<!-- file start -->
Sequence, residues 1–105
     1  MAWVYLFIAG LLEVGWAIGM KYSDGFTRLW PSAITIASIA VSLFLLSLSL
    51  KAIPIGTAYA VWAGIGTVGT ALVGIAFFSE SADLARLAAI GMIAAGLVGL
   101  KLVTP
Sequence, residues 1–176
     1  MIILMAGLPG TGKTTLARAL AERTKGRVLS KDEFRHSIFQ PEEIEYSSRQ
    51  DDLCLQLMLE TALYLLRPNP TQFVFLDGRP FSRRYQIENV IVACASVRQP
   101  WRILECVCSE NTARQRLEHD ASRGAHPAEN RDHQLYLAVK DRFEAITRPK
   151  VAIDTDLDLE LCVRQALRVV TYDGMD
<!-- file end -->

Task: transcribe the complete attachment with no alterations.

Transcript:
Sequence, residues 1–105
     1  MAWVYLFIAG LLEVGWAIGM KYSDGFTRLW PSAITIASIA VSLFLLSLSL
    51  KAIPIGTAYA VWAGIGTVGT ALVGIAFFSE SADLARLAAI GMIAAGLVGL
   101  KLVTP
Sequence, residues 1–176
     1  MIILMAGLPG TGKTTLARAL AERTKGRVLS KDEFRHSIFQ PEEIEYSSRQ
    51  DDLCLQLMLE TALYLLRPNP TQFVFLDGRP FSRRYQIENV IVACASVRQP
   101  WRILECVCSE NTARQRLEHD ASRGAHPAEN RDHQLYLAVK DRFEAITRPK
   151  VAIDTDLDLE LCVRQALRVV TYDGMD